If your computation were true, wouldn’t be the case that kidney cancer would be much, much more frequent than lung or colon cancers?

Yes, if FI had much to do with the difficulty of evolving something, but it doesn’t. That’s the point of the exercise. FI just doesn’t give us that information. Period.

Is it your contention that kidney cancer requires 2 specific mutations whereas lung cancer requires

6?

Nope.

Then, I am confused.

My contention is that the FI of those different cancers is approximately those numbers of bits. I did use simplified calculations, but I also know that the simplifications don’t change things much.

As for the number of DRIVER mutations (not specific mutations), those numbers are from a specific review study, and are only approximate. We can derive better estimates directly from the data if we like.

If the driver mutations are not specific, why did you say the following about them ?

**It takes about 31.5 bits of information to specify each mutation.** We obtain this by computing the log base 2 of the human genome size, which is about three billion bases long

There are multiple possible driver mutations, and only specific sets will give rise to mutations.

Even though there are multiple possibilities, it doesn’t deduct the FI computation by much, perhaps 3 to 5 bits, so I neglect it here. Moreover, ID calculations of FI don’t take this into account, so I’m not sure why I’d have to do so.

And because there are multiple possibilities, drivers are not fully specific.

I think you are building a stawman for ID theorists would not compute the probability of, say, a lung cell acquiring a cancer phenotype as you do.

Not a strawman.

Using their own formula, there is billions of bits of FI. It was a correction to their math that brought it down to hundreds or thousands of bits.

It is notable that DI did not respond by producing a better calculation (or any calculation) but just made a verbal argument against it.

Let’s take a normal lung cell (nlc) and a cancer lung cell (clc). We have FI(nlc)>FI(clc). This is because there are more ways for a cell to be a cancer lung cell than to be a normal lung cell.

As a result, no theoretical hurdle exists that prevents a normal cell from becoming a cancer cell by a purely natural process (because the transition involves a net loss of information). The inverse is not true. A cancer cell will never come back to the normal phenotype by a purely natural process because the transition would involve a significant gain of information that only a mind could produce. This is ID thinking I think.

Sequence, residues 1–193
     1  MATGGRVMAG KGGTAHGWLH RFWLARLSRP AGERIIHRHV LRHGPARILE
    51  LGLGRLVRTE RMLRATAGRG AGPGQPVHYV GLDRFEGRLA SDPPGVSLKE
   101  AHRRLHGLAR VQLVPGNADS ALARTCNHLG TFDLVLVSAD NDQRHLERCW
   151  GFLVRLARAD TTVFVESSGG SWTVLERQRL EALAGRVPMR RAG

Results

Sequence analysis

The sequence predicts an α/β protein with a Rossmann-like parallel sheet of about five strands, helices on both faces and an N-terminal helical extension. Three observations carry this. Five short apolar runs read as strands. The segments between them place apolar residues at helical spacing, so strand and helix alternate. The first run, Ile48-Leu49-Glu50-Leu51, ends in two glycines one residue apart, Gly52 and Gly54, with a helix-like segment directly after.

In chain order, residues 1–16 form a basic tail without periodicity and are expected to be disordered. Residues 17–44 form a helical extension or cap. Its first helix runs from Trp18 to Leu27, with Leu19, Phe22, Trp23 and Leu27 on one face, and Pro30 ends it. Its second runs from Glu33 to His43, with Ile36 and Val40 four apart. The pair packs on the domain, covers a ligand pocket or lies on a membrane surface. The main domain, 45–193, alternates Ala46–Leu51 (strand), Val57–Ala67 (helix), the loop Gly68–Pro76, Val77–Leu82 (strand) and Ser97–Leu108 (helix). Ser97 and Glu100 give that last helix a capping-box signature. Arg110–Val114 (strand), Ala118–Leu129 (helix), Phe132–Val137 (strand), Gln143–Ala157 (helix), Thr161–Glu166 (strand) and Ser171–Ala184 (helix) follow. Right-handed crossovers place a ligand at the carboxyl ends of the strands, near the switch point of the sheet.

Thanks for demonstrating my point:

Show your work.

The FI of a system is -log2[F(Ex)], where F(Ex) is the fraction of all possible configurations of the system that possess a degree of function.

So for a normal lung cell, F(Ex)nlc is the fraction of all possible configurations of a more or less 3x10^9 bp genome that possess a degree of lung function. For a cancer lung cell, F(Ex)clc is the fraction of all possible configurations of a more or less ~3x10^9 bp genome that possess a degree of lung cancer function. Since there are much more ways for a cell to be a cancer lung cell than to be a normal lung cell, it follows that F(Ex)clc > F(Ex)nlc. As a result, the FI of a normal lung cancer is higher than the FI of a cancer lung cell.

All you did was repeat your previous unsupported claim. Try again.

Are you contesting the fact that the FI of a normal lung cell is higher than the one of a cancer lung cell?

Giltil:Since there are much more ways for a cell to be a cancer lung cell than to be a normal lung cell, it follows that F(Ex)clc > F(Ex)nlc

All you did was repeat your previous unsupported claim. Try again.

Are you also contesting that the FI of cancer cell is lower than its normal counterpart ?

Are you contesting the fact that the FI of a normal lung cell is higher than the one of a cancer lung cell

Yes, of course I am, and I have empirical evidence to show it.

Since there is an inverse relationship between information and Entropy, by contesting the fact that the FI of a cancer cell is lower than the one of its normal cell counterpart, I conclude that you are also contesting that the Entropy of a cancer cell is higher than the one of its normal cell

counterpart. But by doing so, you are totally at odds with the immense body of knowledge accumulated over the last decades in oncology. As proof, you can google the words « Cancer & Entropy »

inverse relationship between information and Entropy

Actually, there is not an inverse relationship between the two. Entropy is information, as is well known.